def get_max_size(self):
        return self.__max_size

# returns bool value whether stack is full or not, True if full and False otherwise
def is_full(self):
        return self.get_max_size() - 1==self.__top

#pushes element at the top of stack
def push(self, data):
        if(self.is_full()):
            print("stack is already full")
        else:
            self.__top=self.__top+int(1)
            self.__elements[self.__top]=data

#You can use the below __str__() to print the elements of the DS object while debugging
def __str__(self):
        msg=[]
        index=self.__top
        while(index>=0):
            msg.append((str)(self.__elements[index]))
            index-=1
        msg=" ".join(msg)
        msg="Stack data(Top to Bottom): "+msg
        return msg

Now, When you execute the following:

stack1=Stack(4)

#Push all the required element(s).

stack1.push(“A”)

stack1.push(“B”)

stack1.push(“C”)

stack1.push(“E”)

print(stack1.is_full())

print(stack1)

push-stack

Output:

stack is already full
True
Stack data(Top to Bottom): D C B A

 

Pop Elements from Stack

Now, as you have inserted the elements into the stack, you want to pop them, so you need to take care of the following:

  • Stack is not empty i.e. top != -1
  • When you delete the data, the top must point to the previous top of the stack.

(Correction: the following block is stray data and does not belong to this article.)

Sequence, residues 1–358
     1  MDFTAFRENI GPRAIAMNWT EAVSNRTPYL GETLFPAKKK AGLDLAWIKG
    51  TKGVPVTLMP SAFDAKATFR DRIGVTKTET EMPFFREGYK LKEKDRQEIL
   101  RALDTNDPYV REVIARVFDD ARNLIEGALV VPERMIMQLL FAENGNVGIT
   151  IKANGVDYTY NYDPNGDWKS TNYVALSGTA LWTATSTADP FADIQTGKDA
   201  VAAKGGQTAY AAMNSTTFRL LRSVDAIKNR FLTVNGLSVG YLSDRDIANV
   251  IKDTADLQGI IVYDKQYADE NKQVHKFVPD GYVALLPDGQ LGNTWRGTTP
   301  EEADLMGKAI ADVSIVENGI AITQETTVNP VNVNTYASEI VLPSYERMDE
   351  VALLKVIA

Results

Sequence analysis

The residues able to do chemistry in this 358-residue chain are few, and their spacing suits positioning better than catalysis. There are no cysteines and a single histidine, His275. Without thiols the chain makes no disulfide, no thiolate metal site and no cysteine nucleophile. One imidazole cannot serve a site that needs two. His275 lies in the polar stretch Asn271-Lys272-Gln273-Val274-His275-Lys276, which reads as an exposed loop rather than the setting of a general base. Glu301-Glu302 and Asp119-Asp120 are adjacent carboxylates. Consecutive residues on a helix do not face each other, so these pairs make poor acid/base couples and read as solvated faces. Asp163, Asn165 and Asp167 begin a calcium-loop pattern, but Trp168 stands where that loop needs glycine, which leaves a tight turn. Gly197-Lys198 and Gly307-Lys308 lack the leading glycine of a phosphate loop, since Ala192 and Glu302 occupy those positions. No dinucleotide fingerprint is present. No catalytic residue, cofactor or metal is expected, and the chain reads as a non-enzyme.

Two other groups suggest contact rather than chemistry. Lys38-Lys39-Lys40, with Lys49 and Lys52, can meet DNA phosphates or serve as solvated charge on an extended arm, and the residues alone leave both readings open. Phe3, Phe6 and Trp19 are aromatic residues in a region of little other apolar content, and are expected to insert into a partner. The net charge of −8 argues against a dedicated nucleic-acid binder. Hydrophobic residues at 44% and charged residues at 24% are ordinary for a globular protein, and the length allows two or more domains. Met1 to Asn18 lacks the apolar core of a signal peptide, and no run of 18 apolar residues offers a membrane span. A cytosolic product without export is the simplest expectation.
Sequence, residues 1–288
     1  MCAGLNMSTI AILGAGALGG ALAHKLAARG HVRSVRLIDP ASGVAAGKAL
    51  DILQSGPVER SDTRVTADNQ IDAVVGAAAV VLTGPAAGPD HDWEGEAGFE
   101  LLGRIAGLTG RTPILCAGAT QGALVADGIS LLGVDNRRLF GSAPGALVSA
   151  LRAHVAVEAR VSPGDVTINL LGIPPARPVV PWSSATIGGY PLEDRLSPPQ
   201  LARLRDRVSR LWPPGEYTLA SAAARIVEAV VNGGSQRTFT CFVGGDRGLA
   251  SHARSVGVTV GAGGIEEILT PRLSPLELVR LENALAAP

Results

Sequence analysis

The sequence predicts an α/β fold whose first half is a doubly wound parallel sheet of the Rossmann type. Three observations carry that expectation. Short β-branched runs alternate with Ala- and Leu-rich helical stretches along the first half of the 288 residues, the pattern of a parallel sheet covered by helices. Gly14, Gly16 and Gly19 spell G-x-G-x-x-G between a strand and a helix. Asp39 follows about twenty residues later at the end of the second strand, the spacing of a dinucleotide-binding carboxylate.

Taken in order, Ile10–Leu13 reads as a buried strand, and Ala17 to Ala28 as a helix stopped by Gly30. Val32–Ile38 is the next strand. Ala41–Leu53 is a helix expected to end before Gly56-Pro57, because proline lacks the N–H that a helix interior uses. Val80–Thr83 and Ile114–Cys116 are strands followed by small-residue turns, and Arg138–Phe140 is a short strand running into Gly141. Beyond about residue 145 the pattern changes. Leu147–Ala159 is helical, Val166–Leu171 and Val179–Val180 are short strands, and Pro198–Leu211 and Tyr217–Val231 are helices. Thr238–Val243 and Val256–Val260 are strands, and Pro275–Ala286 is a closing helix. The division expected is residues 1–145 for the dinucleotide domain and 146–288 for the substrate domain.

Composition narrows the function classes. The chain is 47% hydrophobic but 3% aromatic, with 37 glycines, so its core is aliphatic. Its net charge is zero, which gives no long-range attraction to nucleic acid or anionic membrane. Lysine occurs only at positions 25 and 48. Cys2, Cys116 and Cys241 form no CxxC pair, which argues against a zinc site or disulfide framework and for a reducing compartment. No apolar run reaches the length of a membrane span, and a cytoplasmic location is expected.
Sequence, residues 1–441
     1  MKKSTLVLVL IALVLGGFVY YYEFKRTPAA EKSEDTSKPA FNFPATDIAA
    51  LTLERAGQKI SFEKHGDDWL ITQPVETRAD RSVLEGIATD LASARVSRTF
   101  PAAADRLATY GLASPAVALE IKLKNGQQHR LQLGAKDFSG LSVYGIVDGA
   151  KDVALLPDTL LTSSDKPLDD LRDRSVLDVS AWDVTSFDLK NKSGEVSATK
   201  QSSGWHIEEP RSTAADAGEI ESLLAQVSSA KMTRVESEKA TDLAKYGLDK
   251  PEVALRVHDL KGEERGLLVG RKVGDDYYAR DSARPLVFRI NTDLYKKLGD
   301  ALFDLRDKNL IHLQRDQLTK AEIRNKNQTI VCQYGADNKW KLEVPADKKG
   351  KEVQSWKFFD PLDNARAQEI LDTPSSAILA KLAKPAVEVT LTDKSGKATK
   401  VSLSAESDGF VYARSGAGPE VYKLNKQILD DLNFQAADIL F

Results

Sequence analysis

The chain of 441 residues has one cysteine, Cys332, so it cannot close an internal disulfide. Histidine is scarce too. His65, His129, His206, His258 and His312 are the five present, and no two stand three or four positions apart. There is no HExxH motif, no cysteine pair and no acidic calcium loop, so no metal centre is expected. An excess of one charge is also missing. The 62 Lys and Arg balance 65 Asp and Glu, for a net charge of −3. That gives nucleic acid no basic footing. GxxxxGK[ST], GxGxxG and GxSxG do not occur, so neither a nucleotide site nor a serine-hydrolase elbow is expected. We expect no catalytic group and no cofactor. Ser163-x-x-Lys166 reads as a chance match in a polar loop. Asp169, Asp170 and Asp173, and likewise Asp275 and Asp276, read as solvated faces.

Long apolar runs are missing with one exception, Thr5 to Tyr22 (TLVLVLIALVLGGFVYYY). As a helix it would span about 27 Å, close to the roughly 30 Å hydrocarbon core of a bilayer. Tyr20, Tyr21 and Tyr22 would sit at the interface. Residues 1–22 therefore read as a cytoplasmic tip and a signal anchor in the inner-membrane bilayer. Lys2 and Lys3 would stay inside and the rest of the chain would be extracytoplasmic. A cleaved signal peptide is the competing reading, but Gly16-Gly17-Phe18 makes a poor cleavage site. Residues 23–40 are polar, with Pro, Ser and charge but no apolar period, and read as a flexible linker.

So, what will be the algorithm??

#returns bool value whether stack Is empty or not, True if empty and False otherwise
def is_empty(self):
        return self.__top==-1
    
#returns popped value
def pop(self):
         if(self.is_empty()):
            print("nothing to pop, already empty")
        else:
            a=self.__elements[self.__top]
            self.__top=self.__top-1;
            return a

#display all the stack elements from top to bottom
def display(self):
        for i in range(self.__top,-1,-1):
            print(self.__elements[i],end=' ')
        print()

 

Now, considering previously created stack, try to pop elements

print(stack1.pop())

print(stack1.pop())

print(stack1)

print(stack1.pop())

print(stack1.pop())

print(stack1.pop())

pop-stackOutput:

D

C

Stack data(Top to Bottom): B A

B

A

nothing to pop, already empty

 

Applications of Stack Data Structure

  • Example 1:

A stack is used to implementing bracket matching algorithm for arithmetic expression evaluation and also in the implementation of method calls.

example-stack

Answer to which is 5.

 

  • Example 2:

Clipboard in Windows uses two stacks to implement undo-redo (ctrl+z, ctrl+y) operations. You would have worked on Windows word editors such as MS-Word, Notepad, etc. Here is a text is written in MS-Word. Observe how the text changed on click of Ctrl-Z and Ctrl-Y.

clipboard-stack-data-structure

 

Here is a code that simulates undo-redo operation. Go through the code and observe how the stack is used in this implementation.

#creating class stack
class Stack:
    def __init__(self,max_size):